For the poor fellow who tries to flex his muscle against his addiction and loses, it only proves he is not healed yet. Tomorrow he may be...but "el binoscho al tisho'en is what that's about. Chaza"l did not say it is assur - it's just advice. Unfortunately, many here have used the idea as dogma and given 12 steps a religion status. That's too bad. I have tried to explain it's limitation as I see it.

Additionally, "Once an addict always an addict" is certainly not a thing to tell every guy who has a drinking/lusting problem - for he may not be an addict at all! He may just be a guy who has a yetzer hora - and that's not sick at all, but normal. But for the guy who sees that he tricks himself and ends up drinking/acting out in a cyclical pattern, Fred's story is a call to humility and sound advice, nothing more and nothing less.

As far as bechirah is concerned, the way the program I am familiar with defines an addict, is as a person who is sick - not normal. I see the Jewish concept of bechirah in every area of life as only relevant to normals. For some, there may be areas that bechirah as we understand it is suspended. A possible example of that in the RMB"M may be Par'oh, who was commanded by hashem with the mitzvah of freeing the Jews but did not, and eventually could not.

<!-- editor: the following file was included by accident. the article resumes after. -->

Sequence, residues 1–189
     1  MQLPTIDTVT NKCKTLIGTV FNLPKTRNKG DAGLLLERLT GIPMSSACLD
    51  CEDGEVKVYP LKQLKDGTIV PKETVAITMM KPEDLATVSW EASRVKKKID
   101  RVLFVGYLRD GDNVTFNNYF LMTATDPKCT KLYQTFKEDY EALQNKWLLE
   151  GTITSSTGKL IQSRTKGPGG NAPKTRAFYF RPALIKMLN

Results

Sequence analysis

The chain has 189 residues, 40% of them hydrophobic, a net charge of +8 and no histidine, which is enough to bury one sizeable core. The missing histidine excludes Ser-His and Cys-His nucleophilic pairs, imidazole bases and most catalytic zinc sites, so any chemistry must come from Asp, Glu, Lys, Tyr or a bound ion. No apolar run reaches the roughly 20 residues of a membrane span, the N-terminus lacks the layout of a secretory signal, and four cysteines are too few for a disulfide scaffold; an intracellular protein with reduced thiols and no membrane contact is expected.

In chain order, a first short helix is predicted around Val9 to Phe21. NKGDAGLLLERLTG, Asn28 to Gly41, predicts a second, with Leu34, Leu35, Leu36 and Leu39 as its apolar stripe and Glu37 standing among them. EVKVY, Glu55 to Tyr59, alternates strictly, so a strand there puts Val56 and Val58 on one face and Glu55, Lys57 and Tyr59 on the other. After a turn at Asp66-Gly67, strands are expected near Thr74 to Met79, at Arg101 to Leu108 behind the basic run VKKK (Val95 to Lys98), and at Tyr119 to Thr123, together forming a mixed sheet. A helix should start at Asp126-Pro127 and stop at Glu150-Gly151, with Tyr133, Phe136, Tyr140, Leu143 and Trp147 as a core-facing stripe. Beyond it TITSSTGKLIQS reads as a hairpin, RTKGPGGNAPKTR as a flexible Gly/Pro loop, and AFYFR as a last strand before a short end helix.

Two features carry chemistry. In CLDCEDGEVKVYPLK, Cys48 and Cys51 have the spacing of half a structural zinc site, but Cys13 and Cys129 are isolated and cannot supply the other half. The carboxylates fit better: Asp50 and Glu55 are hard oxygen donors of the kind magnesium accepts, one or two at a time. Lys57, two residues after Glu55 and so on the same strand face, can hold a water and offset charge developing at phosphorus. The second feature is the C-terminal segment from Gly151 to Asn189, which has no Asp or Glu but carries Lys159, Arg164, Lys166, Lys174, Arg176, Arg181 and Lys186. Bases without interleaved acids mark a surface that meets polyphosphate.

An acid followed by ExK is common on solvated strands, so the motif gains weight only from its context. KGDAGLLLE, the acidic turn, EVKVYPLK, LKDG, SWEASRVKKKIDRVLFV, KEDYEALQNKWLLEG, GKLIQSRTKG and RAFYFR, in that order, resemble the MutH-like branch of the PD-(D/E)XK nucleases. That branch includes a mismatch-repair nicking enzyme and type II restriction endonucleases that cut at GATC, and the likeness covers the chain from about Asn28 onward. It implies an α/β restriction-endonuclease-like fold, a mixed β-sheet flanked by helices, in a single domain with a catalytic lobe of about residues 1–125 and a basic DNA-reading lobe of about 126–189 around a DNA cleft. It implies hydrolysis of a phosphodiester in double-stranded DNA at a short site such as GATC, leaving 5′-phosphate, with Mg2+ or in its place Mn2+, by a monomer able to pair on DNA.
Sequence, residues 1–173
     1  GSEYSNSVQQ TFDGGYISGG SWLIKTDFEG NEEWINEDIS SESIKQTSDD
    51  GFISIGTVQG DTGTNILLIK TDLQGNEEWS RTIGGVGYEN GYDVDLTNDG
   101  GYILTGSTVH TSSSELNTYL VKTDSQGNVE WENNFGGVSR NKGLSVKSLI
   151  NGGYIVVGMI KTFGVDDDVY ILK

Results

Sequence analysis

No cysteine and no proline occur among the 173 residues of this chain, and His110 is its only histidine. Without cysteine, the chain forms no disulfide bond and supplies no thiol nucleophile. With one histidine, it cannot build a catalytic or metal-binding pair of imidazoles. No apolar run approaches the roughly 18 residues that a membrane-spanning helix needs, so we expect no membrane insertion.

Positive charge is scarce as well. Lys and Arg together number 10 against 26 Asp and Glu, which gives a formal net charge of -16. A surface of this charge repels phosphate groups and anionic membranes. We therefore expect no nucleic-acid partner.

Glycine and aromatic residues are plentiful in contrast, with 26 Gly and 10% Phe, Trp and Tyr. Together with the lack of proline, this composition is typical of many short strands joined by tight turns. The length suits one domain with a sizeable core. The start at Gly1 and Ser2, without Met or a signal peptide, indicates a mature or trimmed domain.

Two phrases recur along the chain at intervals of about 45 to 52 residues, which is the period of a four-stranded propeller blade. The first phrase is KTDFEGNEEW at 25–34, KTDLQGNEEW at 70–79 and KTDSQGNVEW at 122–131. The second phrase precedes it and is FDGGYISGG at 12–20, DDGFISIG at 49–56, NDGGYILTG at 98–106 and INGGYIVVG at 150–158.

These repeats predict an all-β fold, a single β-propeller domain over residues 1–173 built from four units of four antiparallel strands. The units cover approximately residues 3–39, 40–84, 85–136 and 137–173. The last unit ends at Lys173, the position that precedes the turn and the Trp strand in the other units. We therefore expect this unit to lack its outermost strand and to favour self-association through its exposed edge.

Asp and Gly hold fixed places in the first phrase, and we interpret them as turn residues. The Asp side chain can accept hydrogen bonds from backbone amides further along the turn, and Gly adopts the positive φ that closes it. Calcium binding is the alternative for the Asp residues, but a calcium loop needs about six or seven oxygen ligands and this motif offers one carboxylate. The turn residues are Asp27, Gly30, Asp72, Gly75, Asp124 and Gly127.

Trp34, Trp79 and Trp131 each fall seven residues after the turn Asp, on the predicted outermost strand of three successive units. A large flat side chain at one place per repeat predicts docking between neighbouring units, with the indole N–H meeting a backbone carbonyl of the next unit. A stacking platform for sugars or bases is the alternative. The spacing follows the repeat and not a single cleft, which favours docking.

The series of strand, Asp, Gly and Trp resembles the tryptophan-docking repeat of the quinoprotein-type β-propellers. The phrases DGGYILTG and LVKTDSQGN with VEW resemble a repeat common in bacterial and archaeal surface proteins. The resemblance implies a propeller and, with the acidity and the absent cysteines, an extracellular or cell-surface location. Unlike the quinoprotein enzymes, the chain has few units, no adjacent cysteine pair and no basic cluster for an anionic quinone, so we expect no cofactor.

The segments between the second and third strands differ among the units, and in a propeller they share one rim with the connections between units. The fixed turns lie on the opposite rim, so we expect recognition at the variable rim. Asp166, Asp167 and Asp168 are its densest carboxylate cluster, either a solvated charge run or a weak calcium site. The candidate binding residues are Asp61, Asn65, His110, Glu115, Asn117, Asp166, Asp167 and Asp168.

Generalizations such as this in Torah are common: "nashim dayton kalos" and "noshim dabraniyos" are examples of a Torah generalization - not all women are that way (the way many rishonim explain "kalos"), and that's fine. Similarly, it seems to me that plenty of frum Jews are good, yet do not learn Torah very much - for they are women. There are also many Jews who do not fast - because they are diabetics. And it seems that the addicts I know in recovery are sick people in the area of lust or alcohol. The point is not that they are 'patur' - the point is that they do not fit the mold we like to see - and hashem knows that. He did not write the Torah for crazy people. In those areas, it seems to some addicts that the rules of bechirah do not apply to them.

Now that would be tragic if that meant we assumed we were patur and could act out! But we do not.

Yet unfortunately, since this is an issur, the idea that a solution for a behavior that coincidentally is an issur comes from anything but Torah is very distasteful to some. Nu. I got over it and so did many other sober, frum guys.
Admin put these lines here cuz he likes 'em:
"The heart needs to be broken when will-power is not enough"